Family CEOs: Do they benefit firm performance in China?
- 管理学院－已发表论文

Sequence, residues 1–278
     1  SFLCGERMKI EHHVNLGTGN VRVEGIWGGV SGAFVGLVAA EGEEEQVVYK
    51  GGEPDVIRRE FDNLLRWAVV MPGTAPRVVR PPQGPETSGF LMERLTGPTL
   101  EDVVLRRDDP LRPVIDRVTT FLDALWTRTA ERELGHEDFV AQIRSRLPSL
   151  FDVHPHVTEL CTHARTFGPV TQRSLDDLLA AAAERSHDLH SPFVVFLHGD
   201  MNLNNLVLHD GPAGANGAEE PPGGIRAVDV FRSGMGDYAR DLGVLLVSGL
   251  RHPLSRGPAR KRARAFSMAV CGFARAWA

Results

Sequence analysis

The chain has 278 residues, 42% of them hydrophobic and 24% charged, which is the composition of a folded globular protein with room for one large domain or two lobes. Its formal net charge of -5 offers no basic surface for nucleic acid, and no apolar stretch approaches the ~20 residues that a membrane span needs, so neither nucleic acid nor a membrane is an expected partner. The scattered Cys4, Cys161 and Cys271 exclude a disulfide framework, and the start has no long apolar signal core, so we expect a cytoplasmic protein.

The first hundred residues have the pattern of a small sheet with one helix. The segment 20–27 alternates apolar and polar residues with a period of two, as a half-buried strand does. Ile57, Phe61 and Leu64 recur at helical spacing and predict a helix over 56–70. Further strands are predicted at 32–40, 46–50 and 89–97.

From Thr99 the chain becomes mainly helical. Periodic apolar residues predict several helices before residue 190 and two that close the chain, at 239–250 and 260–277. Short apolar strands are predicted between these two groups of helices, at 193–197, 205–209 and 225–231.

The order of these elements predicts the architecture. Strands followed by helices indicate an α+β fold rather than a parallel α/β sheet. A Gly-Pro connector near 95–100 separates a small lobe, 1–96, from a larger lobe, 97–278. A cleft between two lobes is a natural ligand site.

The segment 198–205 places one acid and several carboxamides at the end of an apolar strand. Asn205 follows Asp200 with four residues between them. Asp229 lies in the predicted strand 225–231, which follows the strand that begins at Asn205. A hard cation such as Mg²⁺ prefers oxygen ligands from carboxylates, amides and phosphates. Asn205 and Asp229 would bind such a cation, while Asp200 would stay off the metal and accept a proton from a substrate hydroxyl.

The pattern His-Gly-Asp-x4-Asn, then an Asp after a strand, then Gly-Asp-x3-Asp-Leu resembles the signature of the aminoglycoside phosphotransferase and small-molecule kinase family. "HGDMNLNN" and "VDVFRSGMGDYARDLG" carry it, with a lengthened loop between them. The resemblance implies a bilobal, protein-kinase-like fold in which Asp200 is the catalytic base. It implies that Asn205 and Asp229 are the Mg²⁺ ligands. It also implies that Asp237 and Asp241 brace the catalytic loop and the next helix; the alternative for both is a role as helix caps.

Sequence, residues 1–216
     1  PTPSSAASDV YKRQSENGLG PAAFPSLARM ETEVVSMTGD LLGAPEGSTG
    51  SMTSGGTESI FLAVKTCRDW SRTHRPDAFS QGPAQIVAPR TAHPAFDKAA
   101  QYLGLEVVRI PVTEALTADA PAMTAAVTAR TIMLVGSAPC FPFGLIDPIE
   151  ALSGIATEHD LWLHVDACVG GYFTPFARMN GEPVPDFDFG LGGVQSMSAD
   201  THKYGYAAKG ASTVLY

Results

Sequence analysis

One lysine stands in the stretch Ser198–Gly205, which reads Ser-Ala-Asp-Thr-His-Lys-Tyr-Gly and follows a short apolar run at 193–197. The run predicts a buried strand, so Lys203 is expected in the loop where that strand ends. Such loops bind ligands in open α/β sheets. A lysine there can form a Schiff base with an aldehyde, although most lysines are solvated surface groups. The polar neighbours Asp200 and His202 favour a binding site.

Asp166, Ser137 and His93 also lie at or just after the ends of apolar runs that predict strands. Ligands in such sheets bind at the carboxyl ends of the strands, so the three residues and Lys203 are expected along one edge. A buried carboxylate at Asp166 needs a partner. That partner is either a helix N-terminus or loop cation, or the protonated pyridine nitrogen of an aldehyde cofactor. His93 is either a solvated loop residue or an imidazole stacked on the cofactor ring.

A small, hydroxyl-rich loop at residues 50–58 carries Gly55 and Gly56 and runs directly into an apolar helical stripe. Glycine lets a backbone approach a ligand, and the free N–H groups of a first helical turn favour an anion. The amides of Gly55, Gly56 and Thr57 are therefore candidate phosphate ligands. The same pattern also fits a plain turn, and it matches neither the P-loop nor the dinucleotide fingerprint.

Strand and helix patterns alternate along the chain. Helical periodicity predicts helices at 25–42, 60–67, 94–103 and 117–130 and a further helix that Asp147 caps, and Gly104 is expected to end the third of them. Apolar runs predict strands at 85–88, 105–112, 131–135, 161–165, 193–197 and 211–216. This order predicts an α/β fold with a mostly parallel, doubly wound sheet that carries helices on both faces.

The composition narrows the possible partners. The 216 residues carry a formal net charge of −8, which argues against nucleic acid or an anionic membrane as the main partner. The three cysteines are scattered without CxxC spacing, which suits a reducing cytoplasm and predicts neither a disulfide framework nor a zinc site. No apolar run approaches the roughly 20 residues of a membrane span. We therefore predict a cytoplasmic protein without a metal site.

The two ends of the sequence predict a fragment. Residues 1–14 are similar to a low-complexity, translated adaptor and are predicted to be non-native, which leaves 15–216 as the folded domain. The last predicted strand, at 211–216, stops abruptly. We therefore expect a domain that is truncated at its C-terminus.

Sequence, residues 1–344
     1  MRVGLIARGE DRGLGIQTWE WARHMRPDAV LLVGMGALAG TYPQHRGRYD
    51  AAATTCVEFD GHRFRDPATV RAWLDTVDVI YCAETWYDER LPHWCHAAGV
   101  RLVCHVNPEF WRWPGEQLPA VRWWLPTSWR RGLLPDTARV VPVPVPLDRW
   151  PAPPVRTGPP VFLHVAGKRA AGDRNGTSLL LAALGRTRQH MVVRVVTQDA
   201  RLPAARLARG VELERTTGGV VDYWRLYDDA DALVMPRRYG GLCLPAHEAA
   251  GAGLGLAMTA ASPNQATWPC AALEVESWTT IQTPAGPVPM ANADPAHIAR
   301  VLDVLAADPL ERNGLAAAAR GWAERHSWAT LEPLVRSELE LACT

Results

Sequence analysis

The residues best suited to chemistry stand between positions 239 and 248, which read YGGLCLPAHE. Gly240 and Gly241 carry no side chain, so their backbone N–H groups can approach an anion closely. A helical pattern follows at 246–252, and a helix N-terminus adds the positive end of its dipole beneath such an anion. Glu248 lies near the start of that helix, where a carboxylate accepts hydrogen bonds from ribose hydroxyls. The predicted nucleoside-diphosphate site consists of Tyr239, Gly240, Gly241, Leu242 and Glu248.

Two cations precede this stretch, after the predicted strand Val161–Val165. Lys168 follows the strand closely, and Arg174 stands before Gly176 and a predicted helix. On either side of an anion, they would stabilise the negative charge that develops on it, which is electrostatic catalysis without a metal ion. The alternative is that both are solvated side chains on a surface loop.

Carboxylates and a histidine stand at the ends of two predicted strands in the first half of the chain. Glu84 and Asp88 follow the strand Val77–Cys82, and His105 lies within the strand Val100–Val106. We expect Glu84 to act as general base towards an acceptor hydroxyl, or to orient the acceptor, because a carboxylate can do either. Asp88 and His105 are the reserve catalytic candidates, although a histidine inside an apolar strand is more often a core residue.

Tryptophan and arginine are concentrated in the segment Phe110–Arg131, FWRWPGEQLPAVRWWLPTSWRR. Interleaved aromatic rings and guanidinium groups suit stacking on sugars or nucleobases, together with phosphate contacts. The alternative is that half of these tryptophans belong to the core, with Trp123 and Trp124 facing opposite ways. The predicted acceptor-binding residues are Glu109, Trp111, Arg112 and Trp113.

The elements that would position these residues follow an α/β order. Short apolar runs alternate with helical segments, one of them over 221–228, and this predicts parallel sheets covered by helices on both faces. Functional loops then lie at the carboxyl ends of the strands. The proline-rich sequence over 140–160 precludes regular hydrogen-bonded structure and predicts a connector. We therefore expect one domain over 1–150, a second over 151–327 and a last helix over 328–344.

Family firms throughout the world commonly appoint family members as CEOs. However, the value of family CEOs is a subject of ongoing debate. This study attempts to further illuminate the debate in two ways. First, we extend this debate to China, a new and underexplored context, where family businesses are relatively new but growing rapidly. Second, drawing on both principal-agent (PA) and principal-principal (PP) perspectives of agency theory and the institution-based view, we argue that family CEOs are overall, of positive value in China where formal institutions are weak, but this positive effect varies in relative strength across family firms that have different concentrated-ownership structures. Using a sample of 913 firm-year observations for 351 Chinese listed family companies from 2004 to 2007, we find that family CEOs, as a whole, are positively related to firm performance, as measured by both market-based and accounting-based performance, reflecting Tobin's Q and ROA. Further analyses reveal a stronger positive effect in family firms when family owners have higher ownership, when family ownership and family control are less divergent, and when the firms have multiple-large-shareholder structures.